Cohen probably meant well by her and she surely initially agreed because she loved acting and with a filmography of over 100 films was the kind of star who just kept working. The film also lovingly pays homage to Davis and other classic stars in different ways throughout the film. During one point, while searching for Bette, the camera zooms in on a mural painted on a wall in Hollywood of the actress during her Warner Bros days. Early on, mention is made of her new husband's first wife while photos jokingly reveal her to be rival Joan Crawford. Evelyn Keyes, who played Scarlett's sister, Suellen, in Gone With the Wind, also makes an appearance as the head mistress of a witch school. There's also a Wizard of Oz reference, though you'd expect that with a film about witches.
But the finished film, which seems like it should be for kids if it weren't for the random curse words and out-of-place sexual content (Bette brags about how fantastic her sex life is with her new husband), was never going to be the career comeback that Bette had hoped for. The other actors are appallingly terrible and it's not even campy enough to make it a So Bad It's Good perennial. It's just bad. If you don't believe me, see for yourself. If only Cohen had the decency to cut Bette out completely, allowing 1987's The Whales of August to have remained her last big-screen effort.
Luckily, the angelic Audrey Hepburn fared much better in her final film appearance as Hap in Steven Spielberg's Always. The film was a remake of the 1943 movie A Guy Named Joe and starred Richard Dreyfuss as an aerial firefighter that dies in a mission. He's sent back to earth to help provide inspiration to another pilot (Brad Johnson) who happens to be romancing Dreyfuss' former girlfriend played by Holly Hunter. Audrey's part in the film is little more than a cameo as she only appears in about 6 minutes of the entire film.
Unlike workhorse Davis, Audrey Hepburn only made about 20 films during her career and after 1967 was in semi-retirement, moving to Europe to raise a family with her psychiatrist husband. She appeared in only 4 more films before her death in 1993. After Sean Connery turned down the part in Always, Spielberg asked Hepburn without actually thinking she would accept. She worked for a week on the film and donated her entire 1 million salary to the cause that was most important to her in her later life, UNICEF; she was just as saintly off-screen as she was in her final role.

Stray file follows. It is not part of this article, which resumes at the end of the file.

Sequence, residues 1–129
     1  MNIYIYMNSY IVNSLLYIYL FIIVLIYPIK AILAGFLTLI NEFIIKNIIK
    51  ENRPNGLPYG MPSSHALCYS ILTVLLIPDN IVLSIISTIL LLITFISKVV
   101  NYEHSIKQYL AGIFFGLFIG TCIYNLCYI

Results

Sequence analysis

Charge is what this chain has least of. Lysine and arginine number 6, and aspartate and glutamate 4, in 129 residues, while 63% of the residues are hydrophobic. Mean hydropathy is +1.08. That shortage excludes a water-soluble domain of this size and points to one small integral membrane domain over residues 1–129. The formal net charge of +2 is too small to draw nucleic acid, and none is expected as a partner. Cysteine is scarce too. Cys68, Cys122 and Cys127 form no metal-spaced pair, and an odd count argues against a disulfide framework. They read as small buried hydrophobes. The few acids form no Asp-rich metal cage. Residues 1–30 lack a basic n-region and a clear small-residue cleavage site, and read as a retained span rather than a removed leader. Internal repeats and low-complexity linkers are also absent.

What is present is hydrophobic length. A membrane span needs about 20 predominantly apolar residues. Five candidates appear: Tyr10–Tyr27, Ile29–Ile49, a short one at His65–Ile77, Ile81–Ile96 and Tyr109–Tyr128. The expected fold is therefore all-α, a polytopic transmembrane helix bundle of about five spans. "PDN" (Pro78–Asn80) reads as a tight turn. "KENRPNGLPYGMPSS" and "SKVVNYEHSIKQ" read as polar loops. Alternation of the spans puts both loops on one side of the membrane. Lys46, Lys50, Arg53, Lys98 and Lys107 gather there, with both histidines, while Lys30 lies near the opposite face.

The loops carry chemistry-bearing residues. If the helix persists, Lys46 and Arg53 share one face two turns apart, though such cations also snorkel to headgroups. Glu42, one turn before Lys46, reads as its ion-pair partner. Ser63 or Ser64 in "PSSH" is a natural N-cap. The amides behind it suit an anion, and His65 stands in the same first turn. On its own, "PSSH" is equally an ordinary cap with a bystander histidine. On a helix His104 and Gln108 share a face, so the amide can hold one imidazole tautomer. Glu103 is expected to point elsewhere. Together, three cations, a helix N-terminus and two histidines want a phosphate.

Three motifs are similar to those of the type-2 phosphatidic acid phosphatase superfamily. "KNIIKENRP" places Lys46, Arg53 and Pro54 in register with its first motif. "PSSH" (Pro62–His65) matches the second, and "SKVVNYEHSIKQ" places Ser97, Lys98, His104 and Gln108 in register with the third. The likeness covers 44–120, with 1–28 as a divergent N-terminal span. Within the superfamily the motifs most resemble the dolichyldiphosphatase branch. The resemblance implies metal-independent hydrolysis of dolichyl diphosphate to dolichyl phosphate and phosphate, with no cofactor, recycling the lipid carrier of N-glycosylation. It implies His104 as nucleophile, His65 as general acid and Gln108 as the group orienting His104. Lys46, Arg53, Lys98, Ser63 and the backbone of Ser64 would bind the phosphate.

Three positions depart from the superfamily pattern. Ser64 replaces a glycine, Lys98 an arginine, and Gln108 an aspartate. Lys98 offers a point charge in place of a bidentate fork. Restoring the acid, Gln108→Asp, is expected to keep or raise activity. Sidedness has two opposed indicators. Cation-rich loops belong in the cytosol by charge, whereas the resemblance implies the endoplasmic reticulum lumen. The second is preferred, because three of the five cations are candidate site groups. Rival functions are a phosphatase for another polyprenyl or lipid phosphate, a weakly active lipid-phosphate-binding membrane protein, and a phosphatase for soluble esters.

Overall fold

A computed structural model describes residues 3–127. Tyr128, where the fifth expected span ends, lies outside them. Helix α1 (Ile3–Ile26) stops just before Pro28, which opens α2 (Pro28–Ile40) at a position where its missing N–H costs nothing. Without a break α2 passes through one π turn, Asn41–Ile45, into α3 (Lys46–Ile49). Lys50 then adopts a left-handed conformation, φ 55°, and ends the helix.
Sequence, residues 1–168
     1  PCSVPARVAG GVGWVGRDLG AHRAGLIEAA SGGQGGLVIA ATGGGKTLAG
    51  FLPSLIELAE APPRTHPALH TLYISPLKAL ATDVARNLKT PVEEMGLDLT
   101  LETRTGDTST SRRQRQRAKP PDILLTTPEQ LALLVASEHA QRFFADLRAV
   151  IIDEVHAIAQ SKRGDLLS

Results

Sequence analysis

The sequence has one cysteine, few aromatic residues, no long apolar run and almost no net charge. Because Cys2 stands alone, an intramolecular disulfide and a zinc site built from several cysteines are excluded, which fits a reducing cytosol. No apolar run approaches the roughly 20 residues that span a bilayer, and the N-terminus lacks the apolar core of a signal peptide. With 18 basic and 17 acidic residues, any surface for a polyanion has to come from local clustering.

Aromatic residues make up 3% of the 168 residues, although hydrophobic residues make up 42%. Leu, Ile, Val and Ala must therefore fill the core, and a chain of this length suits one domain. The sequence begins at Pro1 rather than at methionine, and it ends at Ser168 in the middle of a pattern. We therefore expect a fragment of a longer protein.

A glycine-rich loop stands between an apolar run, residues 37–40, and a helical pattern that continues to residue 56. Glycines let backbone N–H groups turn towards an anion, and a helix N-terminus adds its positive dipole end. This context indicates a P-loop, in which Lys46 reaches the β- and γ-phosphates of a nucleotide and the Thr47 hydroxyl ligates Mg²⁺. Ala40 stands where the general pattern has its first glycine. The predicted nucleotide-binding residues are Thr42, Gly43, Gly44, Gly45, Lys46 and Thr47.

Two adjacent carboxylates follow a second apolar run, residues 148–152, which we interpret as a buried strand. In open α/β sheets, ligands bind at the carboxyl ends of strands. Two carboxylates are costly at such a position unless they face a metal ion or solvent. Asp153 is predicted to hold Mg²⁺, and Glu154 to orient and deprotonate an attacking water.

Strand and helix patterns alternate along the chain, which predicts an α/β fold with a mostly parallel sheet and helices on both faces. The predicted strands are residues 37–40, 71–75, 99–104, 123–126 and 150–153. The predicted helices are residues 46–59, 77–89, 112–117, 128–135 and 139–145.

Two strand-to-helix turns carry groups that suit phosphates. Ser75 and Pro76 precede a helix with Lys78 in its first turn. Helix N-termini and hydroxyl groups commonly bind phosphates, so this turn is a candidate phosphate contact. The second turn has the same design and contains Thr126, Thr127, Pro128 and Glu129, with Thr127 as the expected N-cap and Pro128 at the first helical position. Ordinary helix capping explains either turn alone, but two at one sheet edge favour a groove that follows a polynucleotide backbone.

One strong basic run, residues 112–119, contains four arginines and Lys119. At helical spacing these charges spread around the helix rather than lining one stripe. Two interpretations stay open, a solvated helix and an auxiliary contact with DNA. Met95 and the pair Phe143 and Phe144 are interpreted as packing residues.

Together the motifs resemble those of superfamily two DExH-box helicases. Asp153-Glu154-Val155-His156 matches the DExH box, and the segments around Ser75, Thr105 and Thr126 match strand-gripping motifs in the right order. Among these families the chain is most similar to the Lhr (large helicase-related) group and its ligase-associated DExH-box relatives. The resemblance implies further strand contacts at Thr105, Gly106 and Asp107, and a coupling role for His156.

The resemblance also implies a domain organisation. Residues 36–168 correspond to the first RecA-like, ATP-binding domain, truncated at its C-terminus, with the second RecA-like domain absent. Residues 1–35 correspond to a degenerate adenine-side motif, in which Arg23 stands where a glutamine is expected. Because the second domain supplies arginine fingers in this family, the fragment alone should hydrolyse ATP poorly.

Hepburn reportedly provided her own wardrobe for the film (white oversized, cable knit sweater and white capris - an homage to her signature style and variation on the look in Funny Face that she would make famous) and was still as radiant as ever. Not really playing much of a character, her natural warmth fits the part and she even makes a pretend haircut look not quite as hokey as it actually is. (Seriously, why don't her scissors even come close to Dreyfuss' head? She could have just as easily been using her fingers and gotten the same effect.) Although the film was not a typical success for Spielberg (it debuted in fifth place on its opening weekend), it was hardly the disaster that Wicked Stepmother was for Bette Davis. But if either film made new audiences seek out the past work of the stars, they were worth it. Even 25 years after their final film appearances as angels and demons, Bette Davis and Audrey Hepburn are still two of Hollywood's greatest.